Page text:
When Google rolled out Chrome 66 earlier this May, it offered a tweak that pleased almost everyone by muting sites that would play sound automatically. Unfortunately, it also ended up breaking several projects’ audio.

This meant that a variety of different media, from popular web games to some of Google’s own projects effectively had their audio broken beyond repair. Users were understandably upset, and in response to an overwhelming amount of backlash, Google retained the browser alteration that blocked autoplaying video and audio, but decided to push back the feature’s application for games and web apps to Chrome 71, which is set to debut in December.

What does that mean for you? Chrome 70, is coming around the corner, and it will block basic autoplaying audio and video. But the game and project-breaking blocking isn’t set to officially begin until Chrome 71, at which point developers will be scrambling to figure out a solution.

Google communications manager Ivy Choi spoke to The Verge, where she stated that Chrome will begin “learning” which sites are typically used for playing audio and as such will cater to users’ experiences, meaning you shouldn’t have to frantically search for the mute button on each tab or have your eardrums blasted unexpectedly by some annoying ad in the future. You should see the effects of said learning with the debut of Chrome 70.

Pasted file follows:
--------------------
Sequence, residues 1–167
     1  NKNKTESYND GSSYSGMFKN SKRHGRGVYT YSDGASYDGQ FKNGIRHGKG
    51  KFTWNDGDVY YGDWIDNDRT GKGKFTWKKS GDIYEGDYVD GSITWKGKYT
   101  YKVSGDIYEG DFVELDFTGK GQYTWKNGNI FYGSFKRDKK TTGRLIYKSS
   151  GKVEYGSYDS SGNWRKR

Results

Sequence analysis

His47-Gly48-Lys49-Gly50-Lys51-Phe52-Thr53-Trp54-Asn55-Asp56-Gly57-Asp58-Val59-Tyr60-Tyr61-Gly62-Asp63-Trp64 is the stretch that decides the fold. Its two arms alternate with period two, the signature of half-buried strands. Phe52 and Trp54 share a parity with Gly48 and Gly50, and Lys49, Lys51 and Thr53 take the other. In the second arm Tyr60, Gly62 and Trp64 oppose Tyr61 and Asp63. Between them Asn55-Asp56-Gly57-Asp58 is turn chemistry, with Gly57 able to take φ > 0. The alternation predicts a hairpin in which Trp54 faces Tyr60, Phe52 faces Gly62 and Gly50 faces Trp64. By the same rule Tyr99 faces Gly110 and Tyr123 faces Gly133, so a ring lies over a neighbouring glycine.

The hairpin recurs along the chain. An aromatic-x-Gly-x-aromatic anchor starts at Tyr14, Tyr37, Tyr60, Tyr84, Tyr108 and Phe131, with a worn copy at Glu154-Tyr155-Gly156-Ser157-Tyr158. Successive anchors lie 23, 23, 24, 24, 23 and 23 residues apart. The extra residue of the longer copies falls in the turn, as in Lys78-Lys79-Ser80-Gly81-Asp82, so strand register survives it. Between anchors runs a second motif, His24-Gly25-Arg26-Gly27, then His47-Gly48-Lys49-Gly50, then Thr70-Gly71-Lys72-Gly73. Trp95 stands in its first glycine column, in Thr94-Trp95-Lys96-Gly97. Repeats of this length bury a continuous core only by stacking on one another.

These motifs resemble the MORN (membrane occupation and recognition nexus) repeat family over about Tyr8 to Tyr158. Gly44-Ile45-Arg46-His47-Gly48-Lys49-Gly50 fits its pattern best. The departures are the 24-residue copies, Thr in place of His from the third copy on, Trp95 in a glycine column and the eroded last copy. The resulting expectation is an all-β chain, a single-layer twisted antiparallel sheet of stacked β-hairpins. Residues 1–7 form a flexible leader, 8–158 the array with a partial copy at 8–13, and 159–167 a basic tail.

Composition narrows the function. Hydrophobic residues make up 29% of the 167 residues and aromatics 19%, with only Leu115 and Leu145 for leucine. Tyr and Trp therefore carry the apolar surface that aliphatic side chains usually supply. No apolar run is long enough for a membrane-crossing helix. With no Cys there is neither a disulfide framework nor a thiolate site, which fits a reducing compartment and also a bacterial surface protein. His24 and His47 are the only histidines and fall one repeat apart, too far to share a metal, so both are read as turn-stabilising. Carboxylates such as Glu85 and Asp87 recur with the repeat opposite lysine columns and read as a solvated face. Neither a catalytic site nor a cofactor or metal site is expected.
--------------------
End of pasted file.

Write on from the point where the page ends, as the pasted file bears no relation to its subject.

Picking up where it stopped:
There’s a list of 1,000 sites Google rolled out that won’t be blocked by default, such as YouTube, which developers and content creators haven’t exactly been excited about—especially since the original change wasn’t touted as a major feature in the first place. Instead, it was a meme-tastic, pithy announcement that didn’t seem to make that big of a deal of the change.

It’s been particularly frustrating for those who make their living through digital media like web games and media projects that all rely on sound. Creators like QWOP’s Bennett Foddy, speaking to The Verge, was particularly frustrated by the way the team has seemed “determined” to take folks who use web audio “by surprise.” Others like Stephen Lavelle, creator of the puzzler Stephen’s Sausage Roll, have begun leaving audio out of the games he publishes online entirely in response to the changes.

Google is currently hard at work on a new feature that will ease up the blocking feature’s destructive wake when it comes to older games and media projects, where it will allow sound to begin after users have interacted with a page, thus proving their intent and desire to hear sound. Unfortunately, the way Google has gone about this new rollout hasn’t been optimal for creators, which may be more frustrating than being forced to listen to an autoplaying ad or video in Chrome…at least for them.

via The Verge